The cyclical theme is enforced by the curious opening instrumental, which won’t make much sense on first listen until it returns some twenty minutes later. Is it the thread of life linking our characters between birth and old age? Is it our souls being re-incarnated? Or is it just a pretty tune? Whatever else it is, the [130a] ‘Bookends’ theme is also a pleasant acoustic instrumental version of the closing ‘Old Friends’. You see, there’s not much room for manoeuvre across the ‘Bookends’ album – even given that this song might be representing one ‘journey’ of one ‘lifetime’ it seems that we are doomed to be misunderstood in our youth, naive in our adolescence, bitter in our middle age and doomed to a slow agonising death that only makes sense once we recognise the importance of friends in our lives, whilst waiting to die on a park bench. The fact that this album starts with the same theme with which it ends could either suggest re-incarnation (the idea that we go round and round these different ‘songs’ throughout many lives on Earth), that we stay the same person throughout despite the many pressures on us to make us nasty and cynical (unlikely given the nasty and cynical-sounding ‘Voices Of Old People’) or that I’ve gone round the twist and this is just an album of polished rock songs.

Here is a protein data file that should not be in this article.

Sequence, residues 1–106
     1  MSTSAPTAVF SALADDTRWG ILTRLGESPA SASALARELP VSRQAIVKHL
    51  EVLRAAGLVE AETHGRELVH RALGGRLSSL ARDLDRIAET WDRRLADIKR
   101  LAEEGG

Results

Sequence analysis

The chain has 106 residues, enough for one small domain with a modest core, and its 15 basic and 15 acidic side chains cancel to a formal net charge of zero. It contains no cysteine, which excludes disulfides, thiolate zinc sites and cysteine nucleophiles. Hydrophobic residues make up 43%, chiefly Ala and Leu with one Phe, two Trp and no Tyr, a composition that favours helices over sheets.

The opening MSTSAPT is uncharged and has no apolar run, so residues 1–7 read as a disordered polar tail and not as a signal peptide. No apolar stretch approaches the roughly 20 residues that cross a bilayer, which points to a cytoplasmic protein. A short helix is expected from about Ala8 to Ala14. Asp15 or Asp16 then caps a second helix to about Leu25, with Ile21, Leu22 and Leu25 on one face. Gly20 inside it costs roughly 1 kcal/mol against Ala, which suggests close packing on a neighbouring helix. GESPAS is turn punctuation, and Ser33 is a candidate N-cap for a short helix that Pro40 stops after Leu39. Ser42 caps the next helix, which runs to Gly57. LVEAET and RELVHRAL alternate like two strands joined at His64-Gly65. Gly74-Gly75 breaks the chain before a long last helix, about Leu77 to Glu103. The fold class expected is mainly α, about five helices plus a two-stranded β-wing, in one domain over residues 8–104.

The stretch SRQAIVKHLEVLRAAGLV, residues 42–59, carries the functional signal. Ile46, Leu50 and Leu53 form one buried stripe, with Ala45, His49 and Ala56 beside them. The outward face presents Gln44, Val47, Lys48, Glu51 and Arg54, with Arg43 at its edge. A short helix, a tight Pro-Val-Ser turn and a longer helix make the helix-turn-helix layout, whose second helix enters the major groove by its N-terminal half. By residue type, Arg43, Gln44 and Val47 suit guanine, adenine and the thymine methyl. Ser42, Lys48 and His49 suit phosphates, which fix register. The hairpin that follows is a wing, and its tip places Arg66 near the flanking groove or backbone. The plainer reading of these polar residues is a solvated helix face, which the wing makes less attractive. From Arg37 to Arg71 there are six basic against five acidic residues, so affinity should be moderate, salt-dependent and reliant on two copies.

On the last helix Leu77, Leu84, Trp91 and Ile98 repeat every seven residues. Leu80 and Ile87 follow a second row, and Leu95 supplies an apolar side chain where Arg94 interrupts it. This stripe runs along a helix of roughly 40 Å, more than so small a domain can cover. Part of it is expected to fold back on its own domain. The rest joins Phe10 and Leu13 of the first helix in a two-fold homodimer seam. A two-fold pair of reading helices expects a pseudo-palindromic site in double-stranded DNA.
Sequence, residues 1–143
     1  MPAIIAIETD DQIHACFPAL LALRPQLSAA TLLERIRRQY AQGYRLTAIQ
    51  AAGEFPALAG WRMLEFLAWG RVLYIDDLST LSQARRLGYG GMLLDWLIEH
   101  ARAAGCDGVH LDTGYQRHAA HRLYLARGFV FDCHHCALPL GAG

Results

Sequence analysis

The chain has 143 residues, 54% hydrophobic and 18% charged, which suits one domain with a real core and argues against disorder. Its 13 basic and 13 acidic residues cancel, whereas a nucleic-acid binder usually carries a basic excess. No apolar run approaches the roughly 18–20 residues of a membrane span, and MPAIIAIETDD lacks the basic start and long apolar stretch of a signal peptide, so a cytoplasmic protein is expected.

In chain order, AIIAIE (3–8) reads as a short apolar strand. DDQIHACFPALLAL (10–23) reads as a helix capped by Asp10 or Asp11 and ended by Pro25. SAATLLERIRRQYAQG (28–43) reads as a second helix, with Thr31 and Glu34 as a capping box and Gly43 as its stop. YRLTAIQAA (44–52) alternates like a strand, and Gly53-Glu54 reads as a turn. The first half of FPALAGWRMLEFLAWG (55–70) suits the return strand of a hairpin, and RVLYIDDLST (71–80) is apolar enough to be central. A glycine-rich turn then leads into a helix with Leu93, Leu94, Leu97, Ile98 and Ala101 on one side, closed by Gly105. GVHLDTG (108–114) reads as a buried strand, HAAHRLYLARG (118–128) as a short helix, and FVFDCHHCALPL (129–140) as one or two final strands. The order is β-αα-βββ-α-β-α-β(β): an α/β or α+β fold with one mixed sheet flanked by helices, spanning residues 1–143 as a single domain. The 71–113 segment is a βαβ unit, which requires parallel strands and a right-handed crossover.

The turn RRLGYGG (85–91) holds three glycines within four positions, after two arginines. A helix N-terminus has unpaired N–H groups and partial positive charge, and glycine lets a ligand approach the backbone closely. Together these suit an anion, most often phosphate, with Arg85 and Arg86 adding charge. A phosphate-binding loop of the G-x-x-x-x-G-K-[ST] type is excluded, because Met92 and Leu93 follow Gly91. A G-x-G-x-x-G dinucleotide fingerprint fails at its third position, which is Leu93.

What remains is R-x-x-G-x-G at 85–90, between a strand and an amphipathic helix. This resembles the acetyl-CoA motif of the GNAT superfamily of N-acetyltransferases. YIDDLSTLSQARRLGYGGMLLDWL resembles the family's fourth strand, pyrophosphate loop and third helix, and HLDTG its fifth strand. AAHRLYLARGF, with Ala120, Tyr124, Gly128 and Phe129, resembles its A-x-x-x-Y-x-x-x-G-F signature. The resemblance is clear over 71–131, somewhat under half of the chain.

[131] ‘Save The Life Of My Child’ is a bit misleading in terms of the concept of aging. This isn’t a childhood nostalgia song a la The Hollies or The Kinks as expected but a song about Paul Simon and Art Garfunkel’s entire generation. Now, whenever I hear some elder person moaning about the ‘youth of today’ it makes me giggle, because it’s always been like that – every new generation brings with it a new generation gap, one shaped by social and political trends whether its shifting economic differences, shifting geographical divisions leading to an emphasis of whatever country happens to be economically well off that century or shifty, untrustworthy presidents. The biggest gap in recent memory, though, was between the youth and adults of the 1960s (and we’re talking generalisations here of course – many people from the ‘elderly’ generation were very supportive of the kids as seen in the ‘Woodstock film, offering food and shelter for free, whilst some of the younger generation still think it’s the 1950s today and the 1960s never happened!) Mostly, though, the parental units of World War II just didn’t get it. War was a necessary evil, wasn’t it? The president said Vietnam was worth fighting over and the people elected him, so why should they argue? Music was very ncie for a hobby, son, but you couldn’t make a living at it and nor could it save the world no matter how many hours you spent on your guitar. To the kids, though, this was a whole new way of seeing the world that, in 1968, had come to a head with riots and clashes in the street and enough of ‘us’ to start ‘them’ really worrying about what sort of a world they were going to make. The key line in this song is not the title line but ‘What’s becoming of the children?’, a cry heard even more back in 1968 than now, alarmingly (in a time when anybody under the age of, say, twenty is viewed with suspicion and concern on sight). Here a ‘child’, a representative of this entire generation, is up on a building about to plunge himself to the ground below, as desperate as Dustin Hoffman ever was in ‘The Graduate’, wracked with guilt about the sell-out they might become one day and the sheer un-bendingness of society’s machine. Unusually, this entire song is told from the point of view of the elder generations (a trick only the wiser-than-his-years Paul Simon would even try), even though it’s clear from the often tongue-in-cheek delivery where Paul Simon’s sentiments lie (its certainly not with the hysterical crowd there for the entertainment or the policemen who ends his pedantic confused speech about kids having no respect for the law with ‘and blah blah blah’; why would jumping from a building show disrespect to anyone except the jumper?) The younger generation is poised on a precipice and, like all good parents, the expectant crowd watching them with bemusement expect them to fall – only to watch them fly instead.  Whether this flight is doomed to end in death as well as they expect or into a new way of living as the hippies long for remains (in 1968 at least) to be seen. No wonder this song ends with the curious coda ‘oh my grace, I got no hiding place’ – the eyes of the world are on the 1960s generation now as it turns into the 1970s and there really is no ‘hiding place’ if their instincts are wrong and peace and love really isn’t the way to go (although thankfully, of course, as every reader of this website surely know, it is).